Advocates hope to see the return of passenger trains, especially as global warming feeds the desire to cut back on the number of cars on the road.
Teacher: Today, we're going to talk about the tenses. Now, if I say "I am beautiful", which tense is it?
Student: Obviously it is the past tense.
It's a summer holiday weekend and a man walks into a butcher shop that has a sign in the window saying "Ground Sirloin: 29 cents per pound."
The man says, "I'm having a cookout this weekend. I'd like 5 pounds of your ground sirloin, please."
The butcher shakes his head and says, "Sorry. I'm all out."
The man, disappointed goes down the street to another butcher shop and asks, "How much is your ground sirloin?"
The proprietor replies, "It's $3.29 per pound."
"Three twenty nine!?!" exclaimed the customer. "Just up the street he sells it for 29 cents!"
The butcher smiles calmly at the gentleman and asks, "Does he have any?"
"No. He's out of it right now."
"Well," says the butcher. "When I don't have any, I can sell it for 19 cents per pound!"
An elderly man on a Moped, looking about 90 years old, pulls up next to a Doctor at a street light. The old man looks over at the sleek shiny car and asks, "What kind of car ya got there, sonny?"
The doctor replies, "A Ferrari GTO. It cost half a million dollars!"
"That's a lot of money," says the old man. "Why does it cost so much?"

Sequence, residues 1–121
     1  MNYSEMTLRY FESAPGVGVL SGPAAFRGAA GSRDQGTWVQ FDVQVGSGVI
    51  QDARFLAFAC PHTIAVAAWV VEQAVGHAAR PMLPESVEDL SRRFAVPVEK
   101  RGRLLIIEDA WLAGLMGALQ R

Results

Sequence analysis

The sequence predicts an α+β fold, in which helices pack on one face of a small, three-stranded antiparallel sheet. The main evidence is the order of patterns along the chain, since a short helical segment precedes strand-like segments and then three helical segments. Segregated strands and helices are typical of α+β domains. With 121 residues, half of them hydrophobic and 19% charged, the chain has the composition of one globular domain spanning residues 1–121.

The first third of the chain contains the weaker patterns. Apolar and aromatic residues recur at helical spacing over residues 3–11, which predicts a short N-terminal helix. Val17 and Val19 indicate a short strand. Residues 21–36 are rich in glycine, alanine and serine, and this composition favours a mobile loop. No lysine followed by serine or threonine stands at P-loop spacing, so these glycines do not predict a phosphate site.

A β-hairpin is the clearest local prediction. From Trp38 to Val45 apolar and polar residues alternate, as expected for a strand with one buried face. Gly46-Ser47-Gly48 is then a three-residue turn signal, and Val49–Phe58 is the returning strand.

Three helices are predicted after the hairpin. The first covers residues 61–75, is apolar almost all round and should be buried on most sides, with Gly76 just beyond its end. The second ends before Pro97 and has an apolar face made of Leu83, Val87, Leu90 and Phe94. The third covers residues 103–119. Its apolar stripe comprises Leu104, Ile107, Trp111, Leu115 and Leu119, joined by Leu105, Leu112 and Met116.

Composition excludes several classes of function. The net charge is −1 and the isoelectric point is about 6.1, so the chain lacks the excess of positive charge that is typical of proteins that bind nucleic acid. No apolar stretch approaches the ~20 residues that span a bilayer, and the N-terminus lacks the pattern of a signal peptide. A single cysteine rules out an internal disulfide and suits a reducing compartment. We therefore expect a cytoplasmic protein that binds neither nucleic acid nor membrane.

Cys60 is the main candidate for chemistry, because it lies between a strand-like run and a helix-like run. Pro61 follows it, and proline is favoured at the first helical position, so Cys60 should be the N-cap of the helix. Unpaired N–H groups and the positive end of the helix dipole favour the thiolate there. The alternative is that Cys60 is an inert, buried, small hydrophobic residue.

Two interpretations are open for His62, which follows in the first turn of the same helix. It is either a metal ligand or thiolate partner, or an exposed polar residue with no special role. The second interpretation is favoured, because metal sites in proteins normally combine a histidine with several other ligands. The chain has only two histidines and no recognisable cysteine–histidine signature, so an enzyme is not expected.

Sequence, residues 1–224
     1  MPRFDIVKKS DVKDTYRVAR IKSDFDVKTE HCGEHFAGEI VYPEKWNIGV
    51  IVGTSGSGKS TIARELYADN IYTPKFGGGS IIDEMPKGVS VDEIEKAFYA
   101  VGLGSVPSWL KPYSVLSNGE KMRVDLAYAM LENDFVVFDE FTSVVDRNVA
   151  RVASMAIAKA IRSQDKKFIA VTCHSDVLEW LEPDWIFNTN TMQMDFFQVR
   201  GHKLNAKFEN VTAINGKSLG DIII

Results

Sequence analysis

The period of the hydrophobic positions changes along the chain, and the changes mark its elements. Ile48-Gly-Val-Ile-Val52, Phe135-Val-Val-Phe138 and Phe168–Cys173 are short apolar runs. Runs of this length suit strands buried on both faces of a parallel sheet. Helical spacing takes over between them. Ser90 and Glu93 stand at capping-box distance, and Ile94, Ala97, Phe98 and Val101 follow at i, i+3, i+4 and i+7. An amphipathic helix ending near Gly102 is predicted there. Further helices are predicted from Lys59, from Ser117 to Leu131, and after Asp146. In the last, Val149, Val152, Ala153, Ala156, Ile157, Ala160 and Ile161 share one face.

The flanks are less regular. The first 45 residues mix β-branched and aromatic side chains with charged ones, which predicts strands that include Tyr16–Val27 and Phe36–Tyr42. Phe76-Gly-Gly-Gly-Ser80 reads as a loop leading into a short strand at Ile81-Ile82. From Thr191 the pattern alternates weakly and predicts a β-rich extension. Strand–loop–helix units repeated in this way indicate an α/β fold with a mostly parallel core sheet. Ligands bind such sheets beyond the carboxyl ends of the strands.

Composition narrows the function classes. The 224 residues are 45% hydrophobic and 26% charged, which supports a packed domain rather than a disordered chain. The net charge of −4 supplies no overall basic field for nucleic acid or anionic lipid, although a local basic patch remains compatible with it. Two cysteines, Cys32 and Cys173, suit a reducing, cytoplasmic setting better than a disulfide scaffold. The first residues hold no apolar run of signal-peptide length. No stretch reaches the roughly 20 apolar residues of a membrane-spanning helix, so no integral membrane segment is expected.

"Because this car can do up to 220 miles an hour!" states the doctor proudly.
The Moped driver asks, "Mind if I take a look inside?"
"No problem," replies the doctor.
So the old man pokes his head in the window and looks around. Then, sitting back on his Moped, the old man says, "That's a pretty nice car, all right.... But I'll stick with my Moped!"
Just then the light changes, so the doctor decides to show the old man just what his car can do. He floors it, and within 30 seconds the speedometer reads 150 mph.
Suddenly, he notices a dot in his rear view mirror. It seems to be getting closer !
He slows down to see what it could be and suddenly WHOOOOSSSHHH! Something whips by him going much faster!
"What on earth could be going faster than my Ferrari?" the doctor asks himself.
He presses harder on the accelerator and takes the Ferrari up to 180 mph.
Then, up ahead of him, he sees that it's the old man on the Moped!
Amazed that the Moped could pass his Ferrari, he gives it more gas and passes the Moped at 200 mph and he's feeling pretty good until he looks in his mirror and sees the old man gaining on him AGAIN!
Astounded by the speed of this old guy, he floors the gas pedal and takes the Ferrari all the way up to 220 mph.
Not ten seconds later, he sees the Moped bearing down on him again! The Ferrari is flat out, and there's nothing he can do !